Boulder Unveils ‘Resilience Strategy’ To Plan For Natural Disasters

April 29, 2016
Photo: Greg Guibert Boulder Resilience (STAFF)
Greg Guibert, Boulder's first ever Chief Resilience Officer. More U.S. cities are using CROs to strategize for climate change and other natural disaster challenges.  

The city unveiled its first-ever resilience strategy Thursday. The document builds off wildfire and flood plans to show how hazards are interlinked—and how they impact businesses and low-income people.

Boulder’s Chief Resilience Officer Greg Guibert said the strategy includes 15 actions.

“We’re really excited about what we have on paper, but we want more. This is a community effort," Guibert said.

The resilience strategy is a new approach to city planning spearheaded by the Rockefeller Foundation. Michael Berkowitz, who heads up the 100 Resilient Cities Project, said there are opportunities to leverage dollars spent on climate action plans to have other net benefits—like public health.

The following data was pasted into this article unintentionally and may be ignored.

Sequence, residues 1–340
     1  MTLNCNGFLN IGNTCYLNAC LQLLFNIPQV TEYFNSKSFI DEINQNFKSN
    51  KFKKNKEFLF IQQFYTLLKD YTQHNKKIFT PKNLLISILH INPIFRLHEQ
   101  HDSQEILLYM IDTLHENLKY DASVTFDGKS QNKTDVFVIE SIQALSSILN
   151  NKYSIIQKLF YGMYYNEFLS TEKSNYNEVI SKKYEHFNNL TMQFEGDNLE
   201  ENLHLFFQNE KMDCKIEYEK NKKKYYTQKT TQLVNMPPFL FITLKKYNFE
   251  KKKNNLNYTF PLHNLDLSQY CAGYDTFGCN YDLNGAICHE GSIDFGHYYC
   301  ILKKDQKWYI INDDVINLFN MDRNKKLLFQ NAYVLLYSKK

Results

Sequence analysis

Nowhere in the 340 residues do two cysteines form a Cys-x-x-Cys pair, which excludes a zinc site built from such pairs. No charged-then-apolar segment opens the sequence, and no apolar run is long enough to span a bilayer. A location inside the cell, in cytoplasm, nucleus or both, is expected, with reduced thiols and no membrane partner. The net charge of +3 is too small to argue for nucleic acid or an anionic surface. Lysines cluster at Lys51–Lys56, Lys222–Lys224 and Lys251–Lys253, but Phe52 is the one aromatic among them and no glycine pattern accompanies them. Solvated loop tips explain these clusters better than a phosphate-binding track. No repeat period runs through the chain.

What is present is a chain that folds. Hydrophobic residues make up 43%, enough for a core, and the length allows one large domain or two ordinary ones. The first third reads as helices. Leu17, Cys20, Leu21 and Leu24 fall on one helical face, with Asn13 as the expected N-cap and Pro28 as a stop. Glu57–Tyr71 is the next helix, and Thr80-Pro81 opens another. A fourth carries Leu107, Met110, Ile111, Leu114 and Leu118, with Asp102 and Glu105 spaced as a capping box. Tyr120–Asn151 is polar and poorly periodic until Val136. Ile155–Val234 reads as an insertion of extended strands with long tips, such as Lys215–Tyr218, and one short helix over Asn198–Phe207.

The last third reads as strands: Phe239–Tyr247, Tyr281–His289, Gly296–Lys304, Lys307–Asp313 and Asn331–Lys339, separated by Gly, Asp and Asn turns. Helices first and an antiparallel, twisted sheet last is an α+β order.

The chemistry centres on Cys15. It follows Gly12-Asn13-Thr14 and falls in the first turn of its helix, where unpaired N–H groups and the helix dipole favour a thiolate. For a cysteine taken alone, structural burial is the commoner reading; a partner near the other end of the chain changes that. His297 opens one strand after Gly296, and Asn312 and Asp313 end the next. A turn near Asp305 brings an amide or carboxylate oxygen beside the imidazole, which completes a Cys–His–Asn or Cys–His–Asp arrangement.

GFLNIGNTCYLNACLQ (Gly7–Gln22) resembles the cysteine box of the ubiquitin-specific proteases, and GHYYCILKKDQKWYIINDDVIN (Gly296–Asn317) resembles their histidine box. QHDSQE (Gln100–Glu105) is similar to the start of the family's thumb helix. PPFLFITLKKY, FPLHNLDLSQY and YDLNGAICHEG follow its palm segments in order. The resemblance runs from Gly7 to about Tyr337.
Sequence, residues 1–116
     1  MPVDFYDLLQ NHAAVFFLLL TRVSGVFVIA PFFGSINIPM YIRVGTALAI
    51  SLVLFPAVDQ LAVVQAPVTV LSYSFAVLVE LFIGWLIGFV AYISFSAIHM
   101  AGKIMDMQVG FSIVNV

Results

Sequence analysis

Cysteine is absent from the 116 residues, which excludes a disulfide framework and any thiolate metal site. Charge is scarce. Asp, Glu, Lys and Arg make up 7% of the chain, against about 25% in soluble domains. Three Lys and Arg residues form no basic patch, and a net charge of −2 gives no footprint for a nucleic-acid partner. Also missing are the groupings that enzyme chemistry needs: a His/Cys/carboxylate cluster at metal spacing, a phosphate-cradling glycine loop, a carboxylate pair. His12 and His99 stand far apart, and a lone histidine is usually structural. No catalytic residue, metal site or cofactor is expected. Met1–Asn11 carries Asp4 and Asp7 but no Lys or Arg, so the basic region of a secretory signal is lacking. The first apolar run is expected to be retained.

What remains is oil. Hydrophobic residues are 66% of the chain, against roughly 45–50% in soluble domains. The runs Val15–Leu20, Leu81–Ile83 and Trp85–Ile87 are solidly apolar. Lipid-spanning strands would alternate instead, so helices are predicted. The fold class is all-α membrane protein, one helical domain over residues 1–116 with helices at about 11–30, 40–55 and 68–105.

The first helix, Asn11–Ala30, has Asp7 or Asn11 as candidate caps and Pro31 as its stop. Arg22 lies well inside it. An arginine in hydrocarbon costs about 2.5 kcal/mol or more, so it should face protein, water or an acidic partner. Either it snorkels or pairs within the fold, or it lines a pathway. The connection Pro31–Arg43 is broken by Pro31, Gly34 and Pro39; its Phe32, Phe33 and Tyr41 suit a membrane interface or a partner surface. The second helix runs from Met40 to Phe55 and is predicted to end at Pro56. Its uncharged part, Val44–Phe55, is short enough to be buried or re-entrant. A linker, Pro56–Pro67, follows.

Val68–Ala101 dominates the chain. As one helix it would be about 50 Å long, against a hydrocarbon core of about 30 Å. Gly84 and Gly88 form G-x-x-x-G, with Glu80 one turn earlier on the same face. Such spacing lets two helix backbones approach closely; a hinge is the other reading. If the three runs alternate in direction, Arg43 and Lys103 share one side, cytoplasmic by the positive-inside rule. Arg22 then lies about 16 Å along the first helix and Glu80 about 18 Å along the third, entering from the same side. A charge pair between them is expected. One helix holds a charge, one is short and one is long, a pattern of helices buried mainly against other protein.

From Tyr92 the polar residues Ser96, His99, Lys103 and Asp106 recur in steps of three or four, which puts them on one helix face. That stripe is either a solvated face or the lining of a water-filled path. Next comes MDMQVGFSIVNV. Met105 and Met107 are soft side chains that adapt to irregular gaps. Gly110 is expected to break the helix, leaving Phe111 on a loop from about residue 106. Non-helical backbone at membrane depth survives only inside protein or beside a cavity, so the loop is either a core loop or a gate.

“Making every dollar that you spend on meeting carbon neutrality goals work in many different ways will make Boulder stronger and able to survive whatever the next disaster is," Berkowitz said.

The draft document includes different actions—everything from ideas to boost food security to a mobile resilience lab that would help residents make disaster preparedness kits.

The city will accept public comment through May 20. The draft plan then goes before Boulder’s City Council in July.